Pacman, Peso, and I recently returned from a 16-day Asia trip that included a five-day stay in the Democratic People’s Republic of Korea (as in America, the N-word is taboo in DPRK). This journey started in August when our record label, Forest Hills Tenleytown Music Group, launched a Kickstarter seeking $6,000 to fund the trip and a music video called "Escape to North Korea." With the help of a five-page feature in the Washington Post Style section and a generous $5,100 donation from James Passin (aka "The American Who Bought Mongolia”), we were able to raise $10,400 and get a lot of attention in the process. People actually cared, for some reason.
Xinhua host and moonlighter for the Daily Mail’s venerable China Bureau Nikki Aaron has been blissfully peddling the British tabloid yarns of her “China adventures” for the last few months. All well and good.
Here’s her latest, on dating, a subject she has visited before. The extremely confessional tone of the Mail piece begs the question: who is Nikki Aaron?
By all standards Wang Meng (1934- ) has had a tremendously successful career. Easing out of his problematic role as Cultural Minister in 1989, Wang was nominated for the Nobel Prize in 1994 by the Chinese Literary Society. He has published more than 100 books and was listed as the 24th most commercially successful writer in China in 2010 with a net worth of 1.75 million yuan. This past year a village on the border of Kazakhstan opened a museum in his honor.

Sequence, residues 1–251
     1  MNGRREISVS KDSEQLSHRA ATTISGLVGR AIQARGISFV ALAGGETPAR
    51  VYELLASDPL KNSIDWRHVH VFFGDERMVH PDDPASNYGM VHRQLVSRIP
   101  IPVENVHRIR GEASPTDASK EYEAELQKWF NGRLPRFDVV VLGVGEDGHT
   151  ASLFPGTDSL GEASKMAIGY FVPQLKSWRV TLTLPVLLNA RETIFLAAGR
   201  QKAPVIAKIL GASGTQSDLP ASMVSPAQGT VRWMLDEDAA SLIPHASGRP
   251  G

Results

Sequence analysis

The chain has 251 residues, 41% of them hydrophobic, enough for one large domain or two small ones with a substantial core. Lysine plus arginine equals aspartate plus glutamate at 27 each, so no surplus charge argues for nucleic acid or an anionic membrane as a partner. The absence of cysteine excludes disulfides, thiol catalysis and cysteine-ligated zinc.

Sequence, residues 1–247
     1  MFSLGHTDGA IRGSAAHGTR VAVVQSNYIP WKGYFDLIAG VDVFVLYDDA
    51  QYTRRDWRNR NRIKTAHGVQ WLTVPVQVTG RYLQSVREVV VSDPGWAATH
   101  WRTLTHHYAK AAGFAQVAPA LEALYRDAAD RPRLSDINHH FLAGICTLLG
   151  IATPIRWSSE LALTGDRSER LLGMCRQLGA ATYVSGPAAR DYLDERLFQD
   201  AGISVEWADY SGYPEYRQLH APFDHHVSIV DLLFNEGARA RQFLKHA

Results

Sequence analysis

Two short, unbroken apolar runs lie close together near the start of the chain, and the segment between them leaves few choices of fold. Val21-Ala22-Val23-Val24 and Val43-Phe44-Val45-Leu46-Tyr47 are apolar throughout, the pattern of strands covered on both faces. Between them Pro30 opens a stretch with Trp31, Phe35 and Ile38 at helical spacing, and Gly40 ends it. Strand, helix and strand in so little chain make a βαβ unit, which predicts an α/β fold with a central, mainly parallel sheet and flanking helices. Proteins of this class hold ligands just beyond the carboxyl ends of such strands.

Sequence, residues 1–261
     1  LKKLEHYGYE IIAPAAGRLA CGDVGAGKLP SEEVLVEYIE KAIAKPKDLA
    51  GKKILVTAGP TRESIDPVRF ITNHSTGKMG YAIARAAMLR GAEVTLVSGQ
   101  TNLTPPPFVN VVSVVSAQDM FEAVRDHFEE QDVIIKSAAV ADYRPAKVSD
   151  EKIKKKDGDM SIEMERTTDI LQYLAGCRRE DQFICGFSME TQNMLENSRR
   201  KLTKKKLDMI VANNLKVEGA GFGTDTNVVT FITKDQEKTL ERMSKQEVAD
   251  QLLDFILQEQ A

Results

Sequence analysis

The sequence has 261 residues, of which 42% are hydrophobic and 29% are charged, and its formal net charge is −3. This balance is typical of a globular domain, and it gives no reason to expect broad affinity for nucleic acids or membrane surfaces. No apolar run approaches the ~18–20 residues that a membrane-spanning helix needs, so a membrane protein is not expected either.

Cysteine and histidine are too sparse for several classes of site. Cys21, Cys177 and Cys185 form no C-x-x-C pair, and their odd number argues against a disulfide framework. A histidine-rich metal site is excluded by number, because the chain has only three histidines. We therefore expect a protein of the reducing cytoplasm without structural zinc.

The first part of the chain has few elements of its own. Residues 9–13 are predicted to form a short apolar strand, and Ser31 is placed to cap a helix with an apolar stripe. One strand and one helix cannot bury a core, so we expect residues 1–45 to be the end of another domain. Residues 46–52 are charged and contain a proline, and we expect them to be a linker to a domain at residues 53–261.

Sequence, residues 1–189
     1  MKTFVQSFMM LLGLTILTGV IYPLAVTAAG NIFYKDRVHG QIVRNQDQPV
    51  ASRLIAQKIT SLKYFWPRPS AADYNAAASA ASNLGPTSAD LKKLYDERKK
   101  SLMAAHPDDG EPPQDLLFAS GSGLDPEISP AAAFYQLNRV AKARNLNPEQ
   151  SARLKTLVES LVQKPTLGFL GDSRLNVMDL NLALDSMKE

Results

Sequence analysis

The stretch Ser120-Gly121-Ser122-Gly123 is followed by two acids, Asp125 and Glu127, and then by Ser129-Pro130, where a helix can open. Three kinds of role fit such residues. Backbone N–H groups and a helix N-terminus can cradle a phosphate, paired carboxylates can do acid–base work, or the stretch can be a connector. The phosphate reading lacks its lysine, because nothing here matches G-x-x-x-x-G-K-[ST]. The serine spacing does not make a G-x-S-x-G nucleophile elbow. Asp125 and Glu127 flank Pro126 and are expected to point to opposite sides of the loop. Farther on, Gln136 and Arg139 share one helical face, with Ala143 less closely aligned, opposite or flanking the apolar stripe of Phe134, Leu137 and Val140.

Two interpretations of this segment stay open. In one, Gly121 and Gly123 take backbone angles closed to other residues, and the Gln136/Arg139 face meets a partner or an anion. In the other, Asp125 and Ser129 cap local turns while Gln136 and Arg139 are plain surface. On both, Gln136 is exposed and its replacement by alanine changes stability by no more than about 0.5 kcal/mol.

Holland Got Talent judge Gordon Heuckeroth made several racist remarks at a Chinese competitor, singer Xiao Wang, last week. You might have already seen it, but if not, check the above. What's interesting, however, is the tepid, almost indifferent response from netizens in China, a study in contrast to the outrage expressed after the now-infamous and actually inoffensive skit by Jimmy Kimmel.
An entrepreneur in Dallas got in touch with me last month saying he had a product called Political Prisoners of China Playing Cards, asking if I'd like to review them. Chinese political prisoners. Playing cards. Dallas. I live in Beijing. It made no sense. How could I say no?
Wu'er Kaixi, who fled China following the 1989 student-led protests at Tiananmen, reportedly flew into Hong Kong this morning via Taiwan and is pleading with authorities to extradite him to face trial on the mainland.
Some Old Time American porch music this week, in anticipation of Friday night's big "Roots Rage" show down at Mako Livehouse. The gentleman on the fiddle is Michael Ismerio, visiting us in Beijing from North Carolina. He's been gigging around town, sitting in with the Yellow Hutong Weasels and others, doing roots music workshops, playing shows, and calling square dances. Serious. He was the caller at last night's square dance at the Home Plate BBQ Sanlitun preview dinner. Goes something like this. Dare to be square, man.
“Sometimes the mountains faded into the whiteness of the clouds and it was difficult to distinguish what was snow and what was clouds. Yet some days there were no clouds and the mountains seem to float in the air. This caused me to have a good and proper smile.” –Ai Qing, The Poetic Life, 2007, 67 (looking south from his labor camp in Shihezi to the Heavenly Mountains)